Monday, March 31, 2008

Another Cloud Study

The sky was so beautiful today. It's really the only thing I want to paint right now. I need to remember to soften the edges. That triangle at the bottom of the sky is just wrong...

Sunday, March 30, 2008

Forgetting where I put my glasses, and occasionally, my mind...

For National Poetry Month, which begins on April 1, I wanted to post a favorite poem and add a sketch to go with it. Since one's eyesight and memory seem to begin their decline around the same time, a drawing of my eyeglasses seemed appropriate to accompany this poem.

The optometrist has been suggesting for several years that I get bifocals. I've resisted for a variety of reason (vanity mostly) and instead, I have glasses for reading and glasses for distance. Most of the time I don't wear glasses, but I can often be found wandering up and down the stairs, cursing under my breath, looking for my reading glasses or for the pair I wear when watching TV. Someone has left them in the wrong place. Again. And sometimes, of course, I look for them when they are actually hanging around my neck.


The name of the author is the first to go
followed obediently by the title, the plot,
the heartbreaking conclusion, the entire novel
which suddenly becomes one you have never read,
never even heard of,

as if, one by one, the memories you used to harbor
decided to retire to the southern hemisphere of the brain,
to a little fishing village where there are no phones.

Long ago you kissed the names of the nine Muses goodbye
and watched the quadratic equation pack its bag,
and even now as you memorize the order of the planets,

something else is slipping away, a state flower perhaps,
the address of an uncle, the capital of Paraguay.

Whatever it is you are struggling to remember,
it is not poised on the tip of your tongue,
not even lurking in some obscure corner of your spleen.

It has floated away down a dark mythological river
whose name begins with an L as far as you can recall,
well on your own way to oblivion where you will join those
who have even forgotten how to swim and how to ride a bicycle.

No wonder you rise in the middle of the night
to look up the date of a famous battle in a book on war.
No wonder the moon in the window seems to have drifted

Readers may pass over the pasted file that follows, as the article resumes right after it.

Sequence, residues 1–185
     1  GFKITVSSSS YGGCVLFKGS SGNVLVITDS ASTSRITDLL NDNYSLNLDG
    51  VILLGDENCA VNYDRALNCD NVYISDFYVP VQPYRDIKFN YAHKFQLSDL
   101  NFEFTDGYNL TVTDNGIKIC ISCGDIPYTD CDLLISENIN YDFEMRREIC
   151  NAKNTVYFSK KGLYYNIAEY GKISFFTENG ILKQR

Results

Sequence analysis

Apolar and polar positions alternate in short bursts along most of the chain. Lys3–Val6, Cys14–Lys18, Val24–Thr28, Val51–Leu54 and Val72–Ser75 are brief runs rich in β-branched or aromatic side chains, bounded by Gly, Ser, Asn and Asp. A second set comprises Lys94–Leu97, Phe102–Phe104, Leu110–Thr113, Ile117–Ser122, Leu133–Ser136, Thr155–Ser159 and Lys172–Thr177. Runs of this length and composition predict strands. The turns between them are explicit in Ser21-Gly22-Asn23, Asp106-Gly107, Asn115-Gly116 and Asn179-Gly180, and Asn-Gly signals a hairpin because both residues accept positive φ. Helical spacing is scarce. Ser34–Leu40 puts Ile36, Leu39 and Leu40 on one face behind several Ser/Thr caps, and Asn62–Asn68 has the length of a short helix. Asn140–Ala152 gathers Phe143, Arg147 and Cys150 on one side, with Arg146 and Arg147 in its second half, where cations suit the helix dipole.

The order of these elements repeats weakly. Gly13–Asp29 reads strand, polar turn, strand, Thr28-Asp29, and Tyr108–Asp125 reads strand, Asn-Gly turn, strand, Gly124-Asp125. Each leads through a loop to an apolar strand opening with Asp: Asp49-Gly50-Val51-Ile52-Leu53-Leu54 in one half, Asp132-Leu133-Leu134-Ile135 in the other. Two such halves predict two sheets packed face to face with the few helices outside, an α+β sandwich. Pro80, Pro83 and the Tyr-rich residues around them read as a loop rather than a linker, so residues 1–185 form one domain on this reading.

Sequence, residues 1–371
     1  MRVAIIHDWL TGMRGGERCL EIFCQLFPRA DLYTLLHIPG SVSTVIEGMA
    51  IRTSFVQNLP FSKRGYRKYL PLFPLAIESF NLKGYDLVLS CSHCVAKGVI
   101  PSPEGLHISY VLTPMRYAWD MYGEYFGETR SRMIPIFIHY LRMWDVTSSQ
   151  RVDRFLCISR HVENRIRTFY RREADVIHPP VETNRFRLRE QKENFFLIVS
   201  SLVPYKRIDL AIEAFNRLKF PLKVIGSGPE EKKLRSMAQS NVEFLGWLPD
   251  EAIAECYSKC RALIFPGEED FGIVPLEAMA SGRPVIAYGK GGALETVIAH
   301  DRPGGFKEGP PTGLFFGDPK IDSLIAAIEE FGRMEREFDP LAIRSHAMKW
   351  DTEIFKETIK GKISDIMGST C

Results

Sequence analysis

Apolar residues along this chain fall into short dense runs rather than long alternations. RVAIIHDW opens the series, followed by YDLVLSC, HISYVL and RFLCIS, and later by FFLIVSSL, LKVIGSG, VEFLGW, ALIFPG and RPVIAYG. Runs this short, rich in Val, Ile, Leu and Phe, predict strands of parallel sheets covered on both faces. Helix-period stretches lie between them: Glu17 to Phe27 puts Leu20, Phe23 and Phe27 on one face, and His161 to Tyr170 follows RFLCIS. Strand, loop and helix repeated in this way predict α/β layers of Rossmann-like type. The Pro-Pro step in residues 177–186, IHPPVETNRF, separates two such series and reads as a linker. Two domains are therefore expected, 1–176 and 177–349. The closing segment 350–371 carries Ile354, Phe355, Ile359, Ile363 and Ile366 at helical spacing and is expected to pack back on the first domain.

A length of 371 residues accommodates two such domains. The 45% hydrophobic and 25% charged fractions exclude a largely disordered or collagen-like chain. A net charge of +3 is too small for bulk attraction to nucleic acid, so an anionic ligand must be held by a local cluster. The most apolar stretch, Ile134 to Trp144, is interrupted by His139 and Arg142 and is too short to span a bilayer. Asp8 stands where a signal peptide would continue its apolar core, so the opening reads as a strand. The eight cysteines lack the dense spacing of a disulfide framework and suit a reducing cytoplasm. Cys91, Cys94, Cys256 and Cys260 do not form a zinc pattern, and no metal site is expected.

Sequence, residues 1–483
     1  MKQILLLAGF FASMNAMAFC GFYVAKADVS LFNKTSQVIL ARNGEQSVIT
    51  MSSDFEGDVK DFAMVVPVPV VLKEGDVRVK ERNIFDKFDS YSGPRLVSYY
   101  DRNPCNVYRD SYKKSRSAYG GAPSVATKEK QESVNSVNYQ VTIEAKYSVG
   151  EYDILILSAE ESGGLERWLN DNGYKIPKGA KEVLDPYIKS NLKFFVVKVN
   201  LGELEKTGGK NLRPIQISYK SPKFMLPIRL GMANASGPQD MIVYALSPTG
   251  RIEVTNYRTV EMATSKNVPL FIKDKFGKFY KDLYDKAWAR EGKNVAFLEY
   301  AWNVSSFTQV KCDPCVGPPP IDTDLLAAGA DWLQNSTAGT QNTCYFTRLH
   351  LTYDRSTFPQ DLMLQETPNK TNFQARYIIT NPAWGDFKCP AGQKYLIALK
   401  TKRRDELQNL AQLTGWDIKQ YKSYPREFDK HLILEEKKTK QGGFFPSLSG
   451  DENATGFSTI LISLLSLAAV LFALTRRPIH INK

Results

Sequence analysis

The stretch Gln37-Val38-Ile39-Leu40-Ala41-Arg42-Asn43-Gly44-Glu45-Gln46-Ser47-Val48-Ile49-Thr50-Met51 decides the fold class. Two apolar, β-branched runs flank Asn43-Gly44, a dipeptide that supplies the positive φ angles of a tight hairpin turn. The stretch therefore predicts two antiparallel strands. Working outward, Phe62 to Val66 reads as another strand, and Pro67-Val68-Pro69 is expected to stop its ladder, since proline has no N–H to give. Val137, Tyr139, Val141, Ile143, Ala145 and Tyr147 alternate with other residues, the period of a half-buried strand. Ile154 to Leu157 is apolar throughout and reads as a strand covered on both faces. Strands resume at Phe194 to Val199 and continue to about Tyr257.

out of a love poem that you used to know by heart.

By Billy Collins, U.S. Poet Laureate 2001-2003
From Sailing Alone Around the Room

Sunday, March 23, 2008

Tuesday, March 18, 2008

Stormy skies

The cloud formations have been dramatic lately.

Monday, March 17, 2008

Book Review: Mastering Composition

In last month’s watercolor class, my teacher focused on composition. She had planned to show a video by Ian Roberts, but the DVD player didn’t work. She talked about him so enthusiastically that I decided to purchase his new book, Mastering Composition.

I tend to skim through the many art books I buy, just stopping at the pages that interest me. But once I started reading this book, I read all the way through without putting it down. Robert's clear and concise explanations of design principles were excellent. There's a lot of information about the role of color in a composition and excellent color illustrations showing how small changes in color intensity affect a painting. I also liked the section titled "Learn from student work." The artist shows the original student work and then a photo of the painting after flaws have been adjusted.

In one chapter readers are encouraged to commit to a 4 x 5 pencil “composition a day” as a way to master the ability to think in terms of shapes and masses rather than subjects. (It's that "practice makes perfect" concept...)

The book also includes a DVD, although I could not get the sound to work on my Mac, despite setting my volume control to the highest level on my computer and on the DVD controls.

This is one of the best instructional art books I have encountered and I highly recommend it. I know it's going to become a much-used reference book in my household. You can "search" through the book on Amazon, if you're interested.

Happy St. Patrick's Day!

It's a very green day in Oregon...

Sunday, March 16, 2008

Saturday, March 15, 2008


I've had a very bad painting week and all my attempts ended up in the scrap box. I often deal with my discouragment about art by buying new tools or books. This week I did both. I really like my new Copic markers. They're expensive ($5 each), so I only bought the red and a few grays, but I like the way they blend, and the fact that ink can be purchased to refill them.

I'll tell you about the WONDERFUL book I bought - Mastering Composition by Ian Roberts in the coming days, so stop by again.

March Madness

There’s a famous saying that those who do not learn from history are doomed to repeat it. I am one of those people. Despite knowing that spring storms are going to destroy anything I plant in March, I just can’t resist the lovely flowers which appear in stores this time of the year.
Emily Dickinson understood:
"A little Madness in the Spring
Is wholesome even for the King…"

(From the poem A little Madness in the Spring, by Emily Dickinson)

Tuesday, March 4, 2008

EDM #40: Something with folds

Honestly, I can't paint believable folds unless the fabric has stripes...

Sunday, March 2, 2008

Housecleaning...or not

When I was drinking my morning coffee I noticed there was a lot of dust under the settee in my living room. For a few minutes I considered cleaning house. But I decided I’d rather draw it than clean it. I enjoyed trying out different colors for the settee and throw. This corner of my living room is actually quite subdued and neutral.
Micron pigma with watercolor on Bristol.